The perceived atmosphere in a space is to a large extent determined by the illumination of the space, which usually is a
combination of artificial lighting and daylight naturally entering the room. In this study we investigated how the presence
of daylight affects the perceived atmosphere of a light ambience both in a real illuminated space and in a visualization of
the space. The perceptual accuracy of these visualizations has been demonstrated in previous studies for artificial
interior lighting, but not yet for the contribution of daylight to the interior lighting. Our results showed only a relatively
small effect of the contribution of daylight both on the perception of light and the perception of the atmosphere of an
interior light ambience. Possibly, adaptation plays an important role in this finding. Further, we demonstrated that the
perceptual accuracy of visualizations containing daylight was for the majority of the light and atmosphere perception
attributes similar to visualizations showing only artificial interior lighting.
It is well known that LEDs have problems with color consistency and color stability over time. Two perception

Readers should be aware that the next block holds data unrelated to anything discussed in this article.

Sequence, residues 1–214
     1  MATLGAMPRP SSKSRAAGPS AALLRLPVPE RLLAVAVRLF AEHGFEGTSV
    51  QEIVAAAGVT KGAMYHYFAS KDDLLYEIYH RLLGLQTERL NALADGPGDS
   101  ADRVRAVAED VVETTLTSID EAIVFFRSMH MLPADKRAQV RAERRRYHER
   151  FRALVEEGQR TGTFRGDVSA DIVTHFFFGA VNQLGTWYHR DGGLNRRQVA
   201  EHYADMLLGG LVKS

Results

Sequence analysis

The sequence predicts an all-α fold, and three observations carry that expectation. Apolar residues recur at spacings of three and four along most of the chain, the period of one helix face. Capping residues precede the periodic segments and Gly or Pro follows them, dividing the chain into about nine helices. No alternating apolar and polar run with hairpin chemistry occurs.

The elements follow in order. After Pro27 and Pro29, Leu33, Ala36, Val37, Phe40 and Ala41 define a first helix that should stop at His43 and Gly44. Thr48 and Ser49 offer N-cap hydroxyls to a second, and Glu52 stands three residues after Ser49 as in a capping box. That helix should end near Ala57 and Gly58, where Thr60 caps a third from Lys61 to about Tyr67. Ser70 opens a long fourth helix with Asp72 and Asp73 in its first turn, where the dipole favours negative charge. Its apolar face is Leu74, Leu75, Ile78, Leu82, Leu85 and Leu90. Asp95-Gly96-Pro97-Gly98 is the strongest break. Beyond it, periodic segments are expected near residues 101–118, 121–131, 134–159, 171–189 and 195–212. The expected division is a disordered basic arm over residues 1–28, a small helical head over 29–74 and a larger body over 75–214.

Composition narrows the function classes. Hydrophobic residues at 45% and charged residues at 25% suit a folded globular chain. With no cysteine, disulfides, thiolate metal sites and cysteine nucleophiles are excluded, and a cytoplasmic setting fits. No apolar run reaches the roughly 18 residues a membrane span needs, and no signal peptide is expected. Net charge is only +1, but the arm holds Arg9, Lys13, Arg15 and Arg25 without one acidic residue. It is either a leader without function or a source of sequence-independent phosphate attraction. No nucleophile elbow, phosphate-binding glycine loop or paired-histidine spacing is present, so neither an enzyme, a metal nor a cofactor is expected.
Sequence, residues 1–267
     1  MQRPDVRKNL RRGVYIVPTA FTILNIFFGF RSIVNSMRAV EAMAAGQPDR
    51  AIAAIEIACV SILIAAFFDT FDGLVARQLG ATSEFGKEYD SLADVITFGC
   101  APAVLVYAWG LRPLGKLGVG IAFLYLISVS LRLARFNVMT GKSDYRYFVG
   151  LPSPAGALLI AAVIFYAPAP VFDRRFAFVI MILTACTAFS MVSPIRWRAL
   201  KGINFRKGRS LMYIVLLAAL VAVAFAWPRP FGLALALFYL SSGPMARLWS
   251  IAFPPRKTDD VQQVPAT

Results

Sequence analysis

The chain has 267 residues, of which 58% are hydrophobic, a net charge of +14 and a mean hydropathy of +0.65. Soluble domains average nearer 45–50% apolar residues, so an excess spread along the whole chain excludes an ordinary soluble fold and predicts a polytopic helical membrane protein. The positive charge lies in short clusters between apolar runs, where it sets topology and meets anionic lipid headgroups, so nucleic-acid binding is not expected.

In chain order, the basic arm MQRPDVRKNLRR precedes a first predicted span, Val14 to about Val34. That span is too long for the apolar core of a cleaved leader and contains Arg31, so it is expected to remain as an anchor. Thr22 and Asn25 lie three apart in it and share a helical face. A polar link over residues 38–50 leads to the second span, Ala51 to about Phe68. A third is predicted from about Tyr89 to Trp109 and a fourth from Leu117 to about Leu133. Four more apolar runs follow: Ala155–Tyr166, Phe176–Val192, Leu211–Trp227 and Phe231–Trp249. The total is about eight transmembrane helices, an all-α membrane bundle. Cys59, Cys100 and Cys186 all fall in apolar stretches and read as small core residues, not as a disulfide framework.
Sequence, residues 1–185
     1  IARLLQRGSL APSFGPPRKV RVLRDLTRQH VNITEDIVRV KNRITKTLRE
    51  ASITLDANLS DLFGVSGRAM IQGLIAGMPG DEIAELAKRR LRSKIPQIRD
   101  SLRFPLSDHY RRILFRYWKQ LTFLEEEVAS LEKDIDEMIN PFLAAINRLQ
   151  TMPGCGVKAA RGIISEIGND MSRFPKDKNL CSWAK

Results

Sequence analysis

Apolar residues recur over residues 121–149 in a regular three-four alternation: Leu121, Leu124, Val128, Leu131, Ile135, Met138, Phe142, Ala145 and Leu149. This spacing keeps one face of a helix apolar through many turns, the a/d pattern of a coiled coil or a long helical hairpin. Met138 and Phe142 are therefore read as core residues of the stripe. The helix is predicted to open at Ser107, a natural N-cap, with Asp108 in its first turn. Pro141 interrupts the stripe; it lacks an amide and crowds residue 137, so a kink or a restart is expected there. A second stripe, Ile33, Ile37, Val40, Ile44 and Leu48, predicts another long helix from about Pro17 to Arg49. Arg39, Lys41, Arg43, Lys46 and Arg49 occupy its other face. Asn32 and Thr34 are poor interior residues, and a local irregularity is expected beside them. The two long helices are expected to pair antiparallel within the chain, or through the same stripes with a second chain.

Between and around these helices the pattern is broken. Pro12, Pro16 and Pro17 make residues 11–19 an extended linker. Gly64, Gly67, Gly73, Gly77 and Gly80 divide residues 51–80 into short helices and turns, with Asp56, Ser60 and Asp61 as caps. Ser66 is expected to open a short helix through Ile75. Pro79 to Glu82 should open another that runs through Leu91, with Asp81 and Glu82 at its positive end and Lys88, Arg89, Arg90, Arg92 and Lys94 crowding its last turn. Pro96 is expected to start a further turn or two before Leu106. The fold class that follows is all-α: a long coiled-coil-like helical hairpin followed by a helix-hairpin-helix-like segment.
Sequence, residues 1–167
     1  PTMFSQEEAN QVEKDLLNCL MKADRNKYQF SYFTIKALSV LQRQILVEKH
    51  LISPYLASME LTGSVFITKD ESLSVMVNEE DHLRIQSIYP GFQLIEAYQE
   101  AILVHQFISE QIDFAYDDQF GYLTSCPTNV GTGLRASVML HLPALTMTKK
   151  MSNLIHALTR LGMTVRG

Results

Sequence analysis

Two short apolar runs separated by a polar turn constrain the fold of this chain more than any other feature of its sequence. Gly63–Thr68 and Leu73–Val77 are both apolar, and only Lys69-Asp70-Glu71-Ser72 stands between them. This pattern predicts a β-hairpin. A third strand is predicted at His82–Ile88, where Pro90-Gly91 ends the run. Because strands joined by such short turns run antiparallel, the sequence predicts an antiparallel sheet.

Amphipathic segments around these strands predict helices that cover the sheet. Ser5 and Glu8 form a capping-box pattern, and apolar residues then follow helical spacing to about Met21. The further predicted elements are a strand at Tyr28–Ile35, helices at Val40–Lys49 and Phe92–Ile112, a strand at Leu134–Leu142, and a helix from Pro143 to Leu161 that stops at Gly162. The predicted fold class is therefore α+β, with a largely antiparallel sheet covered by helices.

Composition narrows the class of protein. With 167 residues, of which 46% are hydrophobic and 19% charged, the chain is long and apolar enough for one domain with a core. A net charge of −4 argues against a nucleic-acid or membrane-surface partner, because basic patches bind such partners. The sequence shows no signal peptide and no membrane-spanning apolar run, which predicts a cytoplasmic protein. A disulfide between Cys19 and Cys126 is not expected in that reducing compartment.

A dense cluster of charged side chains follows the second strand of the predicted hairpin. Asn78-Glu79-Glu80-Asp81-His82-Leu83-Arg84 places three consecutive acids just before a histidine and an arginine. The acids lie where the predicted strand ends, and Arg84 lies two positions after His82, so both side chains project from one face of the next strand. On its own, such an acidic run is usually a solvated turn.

experiments were conducted in order to determine guidelines for the color and luminance deviations between LEDs that
are allowed. The first experiment determined the visibility threshold of hue, saturation, and luminance deviations of one
LED in an array of LEDs and the second experiment measured the visibility threshold of hue, saturation, and luminance
gratings for different spatial frequencies. The results of the first experiment show that people are most sensitive for color
deviations between LEDs when a white color is generated. The visibility threshold for white was 0.004 &Dgr;u'v' for a
deviation in the hue of the LED primaries, 0.007 &Dgr;u'v' for a deviation in the saturation of the LED primaries and 0.006 &Dgr;u'v' for a deviation in the luminance of the LED primaries. The second experiment showed that the visibility of hue
gratings is independent of spatial frequency in the range of 0.4 to 1.2 cycles/degree. However, for saturation and
luminance gratings there was a significant effect of spatial frequency on the visibility threshold. Both experiments show
that observers are more sensitive to hue than to saturation deviations.
This study investigated the effect of the chromaticity and intensity of the ambient illumination on the adapted white point of a homogeneous image (i.e. the chromaticity that is perceived as achromatic) and on the optimal white point of natural images (i.e. the white point with the most preferred color rendering). It was found that the adapted white point and the optimal white point shift towards the chromaticity of the ambient illumination. The effect of illuminant color was approximately 2.5 times larger for the adapted white point than for the optimal white point. The intensity of the ambient illumination had no effect on the adapted white point and the optimal white point, except for images with face content. In agreement with previous studies, the optimal white point was found to strongly depend on image content. The results indicate that the optimal color rendering of natural images is a complex relation of image content and ambient illumination.